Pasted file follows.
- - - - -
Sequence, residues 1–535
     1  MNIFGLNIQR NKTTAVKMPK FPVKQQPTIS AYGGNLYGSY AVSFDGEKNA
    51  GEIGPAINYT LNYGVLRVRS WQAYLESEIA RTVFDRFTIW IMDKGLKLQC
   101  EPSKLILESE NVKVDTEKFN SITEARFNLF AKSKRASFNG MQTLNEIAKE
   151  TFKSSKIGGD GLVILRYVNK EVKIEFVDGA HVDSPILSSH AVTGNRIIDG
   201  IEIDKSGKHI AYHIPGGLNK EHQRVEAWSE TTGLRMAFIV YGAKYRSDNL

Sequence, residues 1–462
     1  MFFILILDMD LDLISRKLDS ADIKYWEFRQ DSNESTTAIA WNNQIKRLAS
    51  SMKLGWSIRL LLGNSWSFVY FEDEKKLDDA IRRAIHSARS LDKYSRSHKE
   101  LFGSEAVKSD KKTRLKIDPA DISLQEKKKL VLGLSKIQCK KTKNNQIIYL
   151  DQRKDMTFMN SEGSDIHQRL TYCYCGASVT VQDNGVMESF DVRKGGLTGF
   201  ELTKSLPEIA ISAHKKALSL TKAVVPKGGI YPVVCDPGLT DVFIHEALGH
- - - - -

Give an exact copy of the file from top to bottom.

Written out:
Sequence, residues 1–535
     1  MNIFGLNIQR NKTTAVKMPK FPVKQQPTIS AYGGNLYGSY AVSFDGEKNA
    51  GEIGPAINYT LNYGVLRVRS WQAYLESEIA RTVFDRFTIW IMDKGLKLQC
   101  EPSKLILESE NVKVDTEKFN SITEARFNLF AKSKRASFNG MQTLNEIAKE
   151  TFKSSKIGGD GLVILRYVNK EVKIEFVDGA HVDSPILSSH AVTGNRIIDG
   201  IEIDKSGKHI AYHIPGGLNK EHQRVEAWSE TTGLRMAFIV YGAKYRSDNL

Sequence, residues 1–462
     1  MFFILILDMD LDLISRKLDS ADIKYWEFRQ DSNESTTAIA WNNQIKRLAS
    51  SMKLGWSIRL LLGNSWSFVY FEDEKKLDDA IRRAIHSARS LDKYSRSHKE
   101  LFGSEAVKSD KKTRLKIDPA DISLQEKKKL VLGLSKIQCK KTKNNQIIYL
   151  DQRKDMTFMN SEGSDIHQRL TYCYCGASVT VQDNGVMESF DVRKGGLTGF
   201  ELTKSLPEIA ISAHKKALSL TKAVVPKGGI YPVVCDPGLT DVFIHEALGH